8. Modelling Forward Initial Margin Requirements for Bilateral Trading

Justin Chan; Shengyao Zhu; Boris Tourtzevitch

 FIS Global; Nordea; FIS Global

9. Forward Valutaion of Inital Margin in Exposure and Funding Calculations

Martin Dahlgren

 Bank of America Merrill Lynch

10. Margin Value Adjustments for CCPS With Q-Stimulated Inital Margin

Roberto Daluiso, Giorgia Facchinetti, Massimo Morini

 Banca IMI


11. Bilateral Exposure in the Presence of Margin

Leif Andersen; Michael Pyktin; Alexander Sokol

 Bank of America Merrill Lynch, Federal Reserve Board; CompatibL

12. Central Counterparty Risk

Matthias Arnsdorf

 JP Morgan Chase

13. Robust Computation of XVA Metrics for Central Counterparty Clearing Houses

Leif Andersen, Andrew Dickinson

 Bank of America Merrill Lynch

Part V

14. Efiicient Initial Margin Optimisation

Nishchal Devanur, Andrea Vidozzi

 Bank of America Merrill Lynch

15. Procycality in Sensitivity-Based Margin Requirements

Paul Glasserman; Qi Wu

 Colombia University Business School; Chinese Univeristy of Hong Kong

16. Systematic Risks in Central Counterparty Clearing House Networks

Alexander Lipton


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Leif B. G. Andersen

Global Head of The Quantitative Strategies Group, Bank of America Merrill Lynch

Leif B. G. Andersen is the Global Head of The Quantitative Strategies Group at Bank of America Merrill Lynch, and is an adjunct professor at NYU’s Courant Institute of Mathematical Sciences and at CMU’s Tepper School of Business.  He holds MSc's in Electrical and Mechanical Engineering from the Technical University of Denmark, an MBA from University of California at Berkeley, and a PhD in Finance from Aarhus Business School.  He was the co-recipient of Risk Magazine’s 2001 and 2018 Quant of the Year Awards, and has worked for more than 25 years as a quantitative researcher in the global markets area. He has authored influential research papers and books in all areas of quantitative finance, including the 3-volume textbook Interest rate Modeling (co-authored with Vladimir Piterbarg). He is an Associate Editor of the Journal of Computational Finance.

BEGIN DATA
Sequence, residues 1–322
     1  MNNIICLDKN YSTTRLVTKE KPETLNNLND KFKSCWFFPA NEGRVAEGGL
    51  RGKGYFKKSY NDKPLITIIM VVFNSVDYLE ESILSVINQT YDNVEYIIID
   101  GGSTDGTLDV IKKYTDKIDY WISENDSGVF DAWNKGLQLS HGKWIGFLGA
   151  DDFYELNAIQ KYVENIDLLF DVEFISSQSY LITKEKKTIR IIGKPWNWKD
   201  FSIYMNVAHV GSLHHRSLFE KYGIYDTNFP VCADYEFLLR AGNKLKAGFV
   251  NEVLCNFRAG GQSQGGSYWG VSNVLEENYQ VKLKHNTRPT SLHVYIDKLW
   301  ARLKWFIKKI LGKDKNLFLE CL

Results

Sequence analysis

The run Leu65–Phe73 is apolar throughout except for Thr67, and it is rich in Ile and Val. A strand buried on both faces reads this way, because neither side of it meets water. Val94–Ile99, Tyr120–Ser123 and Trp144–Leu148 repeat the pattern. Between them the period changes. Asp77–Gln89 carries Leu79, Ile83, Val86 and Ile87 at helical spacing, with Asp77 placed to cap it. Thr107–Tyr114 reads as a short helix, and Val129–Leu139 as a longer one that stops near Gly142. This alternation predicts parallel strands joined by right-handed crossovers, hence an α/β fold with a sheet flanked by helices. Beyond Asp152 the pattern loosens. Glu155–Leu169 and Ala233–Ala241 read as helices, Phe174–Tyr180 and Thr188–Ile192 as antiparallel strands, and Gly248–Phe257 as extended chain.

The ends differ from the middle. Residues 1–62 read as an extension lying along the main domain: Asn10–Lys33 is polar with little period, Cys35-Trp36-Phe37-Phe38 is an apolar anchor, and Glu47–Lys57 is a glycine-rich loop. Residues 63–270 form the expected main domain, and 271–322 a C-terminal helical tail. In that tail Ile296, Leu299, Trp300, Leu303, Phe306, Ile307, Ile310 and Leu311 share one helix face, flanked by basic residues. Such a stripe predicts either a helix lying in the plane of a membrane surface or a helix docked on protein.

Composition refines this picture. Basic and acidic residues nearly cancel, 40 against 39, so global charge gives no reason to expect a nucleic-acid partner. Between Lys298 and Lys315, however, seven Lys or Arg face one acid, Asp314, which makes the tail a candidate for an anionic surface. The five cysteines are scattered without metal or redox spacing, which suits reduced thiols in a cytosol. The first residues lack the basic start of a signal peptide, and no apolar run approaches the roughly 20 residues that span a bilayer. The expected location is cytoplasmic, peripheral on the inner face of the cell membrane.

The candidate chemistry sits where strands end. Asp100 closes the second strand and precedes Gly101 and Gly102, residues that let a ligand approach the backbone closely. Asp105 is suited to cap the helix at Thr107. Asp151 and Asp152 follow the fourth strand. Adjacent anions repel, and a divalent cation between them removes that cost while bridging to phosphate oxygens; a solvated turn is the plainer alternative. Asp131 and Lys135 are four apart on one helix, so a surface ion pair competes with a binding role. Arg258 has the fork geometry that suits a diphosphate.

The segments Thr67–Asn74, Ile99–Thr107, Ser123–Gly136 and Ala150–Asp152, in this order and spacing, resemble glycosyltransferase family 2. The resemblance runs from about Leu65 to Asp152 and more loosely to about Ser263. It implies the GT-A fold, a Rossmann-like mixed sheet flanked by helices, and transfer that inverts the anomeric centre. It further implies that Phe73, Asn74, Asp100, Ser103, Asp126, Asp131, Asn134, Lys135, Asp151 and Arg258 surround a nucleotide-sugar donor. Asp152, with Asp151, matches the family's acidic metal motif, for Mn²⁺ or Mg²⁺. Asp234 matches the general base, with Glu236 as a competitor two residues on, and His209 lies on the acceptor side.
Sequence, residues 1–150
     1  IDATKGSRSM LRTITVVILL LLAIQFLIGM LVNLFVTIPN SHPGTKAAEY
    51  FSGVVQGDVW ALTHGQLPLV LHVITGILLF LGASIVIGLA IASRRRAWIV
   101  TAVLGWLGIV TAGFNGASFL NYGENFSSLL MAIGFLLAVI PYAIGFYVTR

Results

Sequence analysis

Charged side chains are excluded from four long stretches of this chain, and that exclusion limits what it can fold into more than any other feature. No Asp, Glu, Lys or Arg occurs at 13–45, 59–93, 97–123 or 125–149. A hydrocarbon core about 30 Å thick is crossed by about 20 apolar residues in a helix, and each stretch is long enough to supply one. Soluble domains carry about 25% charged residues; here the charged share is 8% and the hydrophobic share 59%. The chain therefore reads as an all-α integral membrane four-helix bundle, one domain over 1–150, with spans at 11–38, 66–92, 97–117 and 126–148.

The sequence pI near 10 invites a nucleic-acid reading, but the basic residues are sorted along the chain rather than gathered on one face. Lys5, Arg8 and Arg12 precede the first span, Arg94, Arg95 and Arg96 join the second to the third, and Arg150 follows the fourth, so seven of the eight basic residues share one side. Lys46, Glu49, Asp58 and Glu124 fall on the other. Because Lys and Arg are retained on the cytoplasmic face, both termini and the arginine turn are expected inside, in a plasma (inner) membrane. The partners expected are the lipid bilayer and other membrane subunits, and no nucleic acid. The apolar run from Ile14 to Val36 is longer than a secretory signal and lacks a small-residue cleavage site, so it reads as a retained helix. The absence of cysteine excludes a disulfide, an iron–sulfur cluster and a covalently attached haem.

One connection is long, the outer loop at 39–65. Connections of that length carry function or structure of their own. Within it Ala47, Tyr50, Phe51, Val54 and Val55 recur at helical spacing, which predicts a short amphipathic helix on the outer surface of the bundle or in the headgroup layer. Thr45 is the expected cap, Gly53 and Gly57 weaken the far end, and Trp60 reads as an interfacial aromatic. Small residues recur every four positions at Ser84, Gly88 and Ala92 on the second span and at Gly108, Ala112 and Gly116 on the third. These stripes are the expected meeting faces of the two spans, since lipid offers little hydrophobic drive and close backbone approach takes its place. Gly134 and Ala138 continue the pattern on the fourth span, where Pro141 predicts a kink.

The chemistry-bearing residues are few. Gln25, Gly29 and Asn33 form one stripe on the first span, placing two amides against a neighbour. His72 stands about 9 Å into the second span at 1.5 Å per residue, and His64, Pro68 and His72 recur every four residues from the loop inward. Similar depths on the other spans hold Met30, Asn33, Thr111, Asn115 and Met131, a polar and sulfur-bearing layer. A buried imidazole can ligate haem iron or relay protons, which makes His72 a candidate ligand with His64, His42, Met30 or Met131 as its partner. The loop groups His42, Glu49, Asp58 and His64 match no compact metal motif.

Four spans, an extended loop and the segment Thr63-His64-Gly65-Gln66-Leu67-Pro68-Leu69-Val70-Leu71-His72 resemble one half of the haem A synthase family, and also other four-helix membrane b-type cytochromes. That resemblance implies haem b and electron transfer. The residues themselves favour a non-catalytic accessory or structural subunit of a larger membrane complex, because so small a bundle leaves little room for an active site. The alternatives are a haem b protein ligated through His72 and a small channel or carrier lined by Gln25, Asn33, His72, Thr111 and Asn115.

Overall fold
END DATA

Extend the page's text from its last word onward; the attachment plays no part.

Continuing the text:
Michael Pykhtin 

Michael Pykhtin is a manager in the Quantitative Risk section at the U.S. Federal Reserve Board. Prior to joining the Board in 2009 as a senior economist, he had a successful nine-year career as a quantitative researcher at Bank of America and KeyCorp. Michael has edited “Counterparty Risk Management” and “Counterparty Credit Risk Modelling”; he is also a contributing author to several recent edited collections. Michael has published extensively in the leading industry journals; he has been an Associate Editor of the Journal of Credit Risk since 2007. Michael is a two-time recipient of Risk Magazine's Quant of the Year award (for 2014 and 2018). Michael holds a Ph.D. degree in Physics from the University of Pennsylvania and an M.S. degree in Physics and Applied Mathematics from Moscow Institute of Physics and Technology.